“Don’t dwell on what went wrong. Instead, focus on what to do next. Spend your energy moving forward together towards an answer.” – Denis Waitley

I talk a lot about preparing your firm for the future. You should be doing that daily. CPAs are known for moving slowly and cautiously. I picture most of them as a wagon train going West; slow, steady progress.

Times have changed, even before COVID. CPAs must now prepare for the future at the speed of an F-35 Lightning II Air Force Jet. It goes 1200 MPH.

What hinders your firm from moving quickly? The answer I most often hear to that question is, “Some of the partners.”

Long ago, I used to say you have to get all the partners on board before you can move the firm ahead effectively. I say long ago because I know that there is no way, in a multiple partner firm, that you will get ALL the partners in agreement about many of the firm initiatives.

For the good of the firm, you have to move ahead anyway. There are some or several, partners who will get behind any needed initiative. Work with those partners. Work with the healthy part of your firm. Persevere and persist and those naysayers will more than likely be convinced that change is necessary and get behind the needed initiative.

  • Insisting that someone choose sides might feel like the satisfying and urgent thing to do, but it rarely leads to enrollment and action.
  • Seth Godin

Monday, October 25th, 2021

2021 Top Issues

“Everybody gets so much information all day long that they lose their common sense.” – Gertrude Stein

I always look forward to reading the AICPA PCPS Top Issues Survey results.

The PCPS CPA Firm Top Issues Survey gathers insights from practitioners in firms of all sizes to understand the significant issues facing firms across the country. 

The survey responses are broken down by firm size, with separate lists released for sole practitioners and for firms with 2 to 5, 6 to 10, 11 to 20, or 21 or more professionals. The AICPA and its Private Companies Practice Section (PCPS) team use the biennial surveys to pinpoint areas where new tools and resources may be needed to help practitioners address current challenges. Below are the results. Follow this link to read the commentary and learn about resources for firms to use.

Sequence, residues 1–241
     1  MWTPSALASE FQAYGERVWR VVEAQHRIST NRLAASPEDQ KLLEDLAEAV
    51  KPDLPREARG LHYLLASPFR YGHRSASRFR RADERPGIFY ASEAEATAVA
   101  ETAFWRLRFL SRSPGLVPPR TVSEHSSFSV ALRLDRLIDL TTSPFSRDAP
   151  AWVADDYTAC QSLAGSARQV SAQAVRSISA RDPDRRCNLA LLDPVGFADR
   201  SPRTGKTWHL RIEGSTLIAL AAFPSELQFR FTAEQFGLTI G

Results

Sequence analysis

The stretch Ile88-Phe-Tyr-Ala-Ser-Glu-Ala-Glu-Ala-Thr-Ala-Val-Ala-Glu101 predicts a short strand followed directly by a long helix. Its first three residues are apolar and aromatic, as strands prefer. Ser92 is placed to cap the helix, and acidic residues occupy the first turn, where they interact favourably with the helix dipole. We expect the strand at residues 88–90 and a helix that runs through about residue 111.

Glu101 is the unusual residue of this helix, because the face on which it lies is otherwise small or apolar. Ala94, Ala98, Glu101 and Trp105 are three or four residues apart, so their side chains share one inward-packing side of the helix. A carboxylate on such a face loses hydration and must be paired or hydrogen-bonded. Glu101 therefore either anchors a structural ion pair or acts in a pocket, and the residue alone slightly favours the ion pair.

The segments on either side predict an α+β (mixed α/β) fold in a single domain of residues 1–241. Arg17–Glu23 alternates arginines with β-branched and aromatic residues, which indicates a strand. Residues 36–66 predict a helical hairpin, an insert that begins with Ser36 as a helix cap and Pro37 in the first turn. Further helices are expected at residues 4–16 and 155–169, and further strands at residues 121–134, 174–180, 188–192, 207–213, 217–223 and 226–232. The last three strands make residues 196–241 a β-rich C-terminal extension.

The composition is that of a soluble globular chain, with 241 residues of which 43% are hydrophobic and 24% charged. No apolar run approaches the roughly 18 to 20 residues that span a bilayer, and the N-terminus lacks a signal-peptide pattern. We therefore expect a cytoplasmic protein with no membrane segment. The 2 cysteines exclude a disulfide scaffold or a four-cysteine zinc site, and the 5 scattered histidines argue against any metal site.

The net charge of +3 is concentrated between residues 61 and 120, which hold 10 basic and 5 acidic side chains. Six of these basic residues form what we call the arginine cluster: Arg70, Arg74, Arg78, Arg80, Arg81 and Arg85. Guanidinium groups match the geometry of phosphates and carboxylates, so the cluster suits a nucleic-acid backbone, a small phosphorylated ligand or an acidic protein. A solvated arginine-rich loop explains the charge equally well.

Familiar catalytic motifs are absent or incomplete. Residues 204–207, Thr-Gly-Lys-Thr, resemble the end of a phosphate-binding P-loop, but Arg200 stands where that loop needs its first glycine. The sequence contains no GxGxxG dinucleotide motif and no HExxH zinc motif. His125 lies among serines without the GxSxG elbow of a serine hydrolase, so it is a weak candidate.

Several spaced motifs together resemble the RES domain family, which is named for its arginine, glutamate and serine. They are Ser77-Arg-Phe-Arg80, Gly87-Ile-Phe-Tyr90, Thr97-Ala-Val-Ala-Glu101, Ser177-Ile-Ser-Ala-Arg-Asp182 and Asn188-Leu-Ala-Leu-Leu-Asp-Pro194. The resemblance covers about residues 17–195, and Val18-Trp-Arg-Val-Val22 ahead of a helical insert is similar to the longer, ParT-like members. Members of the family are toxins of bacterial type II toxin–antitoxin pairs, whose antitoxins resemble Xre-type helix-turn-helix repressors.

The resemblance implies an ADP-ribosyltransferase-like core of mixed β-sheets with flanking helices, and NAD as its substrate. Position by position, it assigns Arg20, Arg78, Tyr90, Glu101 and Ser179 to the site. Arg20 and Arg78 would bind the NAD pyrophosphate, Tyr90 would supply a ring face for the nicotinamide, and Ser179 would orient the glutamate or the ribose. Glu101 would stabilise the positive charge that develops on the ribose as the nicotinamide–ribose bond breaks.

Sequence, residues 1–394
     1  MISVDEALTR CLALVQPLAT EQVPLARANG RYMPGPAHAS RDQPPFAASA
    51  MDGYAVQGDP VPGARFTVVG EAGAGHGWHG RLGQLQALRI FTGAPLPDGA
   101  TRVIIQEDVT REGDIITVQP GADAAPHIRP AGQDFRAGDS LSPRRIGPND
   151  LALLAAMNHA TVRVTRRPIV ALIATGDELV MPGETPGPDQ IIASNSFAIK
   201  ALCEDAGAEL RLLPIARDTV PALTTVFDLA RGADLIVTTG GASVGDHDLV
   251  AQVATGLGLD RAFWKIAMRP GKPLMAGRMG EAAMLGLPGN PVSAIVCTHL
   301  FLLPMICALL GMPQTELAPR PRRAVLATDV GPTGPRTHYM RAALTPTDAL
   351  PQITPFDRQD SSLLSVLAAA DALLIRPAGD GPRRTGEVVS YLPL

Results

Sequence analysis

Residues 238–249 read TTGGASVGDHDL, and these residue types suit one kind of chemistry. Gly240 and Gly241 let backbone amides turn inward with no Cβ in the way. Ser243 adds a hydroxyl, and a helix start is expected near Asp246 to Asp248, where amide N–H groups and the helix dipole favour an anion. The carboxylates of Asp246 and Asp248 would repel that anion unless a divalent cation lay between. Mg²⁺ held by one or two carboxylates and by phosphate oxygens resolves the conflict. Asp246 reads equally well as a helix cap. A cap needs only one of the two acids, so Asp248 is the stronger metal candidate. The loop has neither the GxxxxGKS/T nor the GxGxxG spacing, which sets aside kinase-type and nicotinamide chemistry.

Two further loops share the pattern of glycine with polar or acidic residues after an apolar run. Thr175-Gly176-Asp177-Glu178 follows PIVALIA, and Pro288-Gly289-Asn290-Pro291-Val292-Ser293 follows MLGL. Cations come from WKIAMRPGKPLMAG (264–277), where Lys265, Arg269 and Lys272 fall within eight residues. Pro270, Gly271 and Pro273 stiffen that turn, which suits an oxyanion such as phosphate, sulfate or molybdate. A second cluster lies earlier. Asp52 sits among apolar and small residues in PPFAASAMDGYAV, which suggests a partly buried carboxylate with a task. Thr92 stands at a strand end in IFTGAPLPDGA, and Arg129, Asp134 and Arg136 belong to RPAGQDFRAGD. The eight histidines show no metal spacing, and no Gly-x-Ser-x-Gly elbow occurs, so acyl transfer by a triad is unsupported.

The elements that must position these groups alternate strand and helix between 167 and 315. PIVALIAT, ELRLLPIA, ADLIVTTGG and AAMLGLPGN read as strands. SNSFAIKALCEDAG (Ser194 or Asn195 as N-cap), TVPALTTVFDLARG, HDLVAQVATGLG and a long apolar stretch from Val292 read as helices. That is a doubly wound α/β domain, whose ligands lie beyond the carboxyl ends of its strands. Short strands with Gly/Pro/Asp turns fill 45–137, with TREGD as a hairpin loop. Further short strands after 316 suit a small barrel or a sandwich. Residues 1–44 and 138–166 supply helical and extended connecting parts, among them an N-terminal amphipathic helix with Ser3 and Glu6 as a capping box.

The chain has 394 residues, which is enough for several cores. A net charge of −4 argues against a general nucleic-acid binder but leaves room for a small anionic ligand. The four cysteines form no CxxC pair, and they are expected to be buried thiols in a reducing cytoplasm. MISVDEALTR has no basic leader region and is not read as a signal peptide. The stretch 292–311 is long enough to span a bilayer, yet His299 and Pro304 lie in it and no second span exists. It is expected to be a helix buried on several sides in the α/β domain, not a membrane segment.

SOLE PRACTITIONERS:

  • Keeping up with changes and the complexity of tax laws.
  • Keeping up with COVID relief programs, such as PPP, EIDL, ERC, etc.
  • Challenges when working with the IRS.
  • Seasonality/layering of deadlines.
  • Keeping up with changes in technology and managing associated costs.

2-5 PROFESSIONALS:

  • Keeping up with COVID relief programs, such as PPP, EIDL, ERC, etc.
  • Keeping up with changes and the complexity of tax laws.
  • Challenges when working with the IRS.
  • Seasonality/layering of deadlines.
  • Finding qualified staff.

6-10 PROFESSIONALS

  • Finding qualified staff.
  • Keeping up with changes and the complexity of tax laws.
  • Keeping up with COVID relief programs, such as PPP, EIDL, ERC, etc.
  • Challenges when working with the IRS.
  • Developing the next generation of firm leadership.

11-20 PROFESSIONALS

  • Finding qualified staff.
  • Developing the next generation of firm leadership.
  • Keeping up with COVID relief programs, such as PPP, EIDL, ERC, etc.
  • Keeping up with changes and the complexity of tax laws.
  • Challenges when working with the IRS…. and… Effective staff utilization & management

21+ PROFESSIONALS

  • Finding qualified staff.
  • Retaining qualified staff
  • Keeping up with COVID relief programs, such as PPP, EIDL, ERC, etc.
  • Developing the next generation of firm leadership.
  • Effective staff utilization & management… and… Managing work/life balance initiatives.
  • We are not in the information age anymore. We're in the information management age.
  • Chris Hardwick

Tuesday, October 19th, 2021

Your Personal Efficiency

“It’s not enough to be busy, so are the ants. The question is, what are we busy about?” – Henry David Thoreau

How efficient are you? Have you given it much thought? So often, we simply get into the habit of doing things a certain way and it becomes so comfortable that we don’t give a thought to exploring better ways of doing routine things.

Many years ago I took an extensive time management course. It lasted several weeks and was a foundational part of continual self-improvement for me.

Some of the tips/tactics were challenging and some were very simple, as stated, but quite challenging to carry out.

My favorite:  Never touch things twice.

Sounds simple, right? Back then, I had an “in-tray” on the corner of my desk. I would take things from the “In” tray, review them and decide to respond or procrastinate. I also had another stack, near the inbox where I put things to deal with later…. it kept growing and growing!

I adopted the one-touch method:  Act on it, delegate it or trash it. Honestly, it really helped. Sometimes I had to deal with dreaded things but it was better than having them hanging over my head like a dark cloud.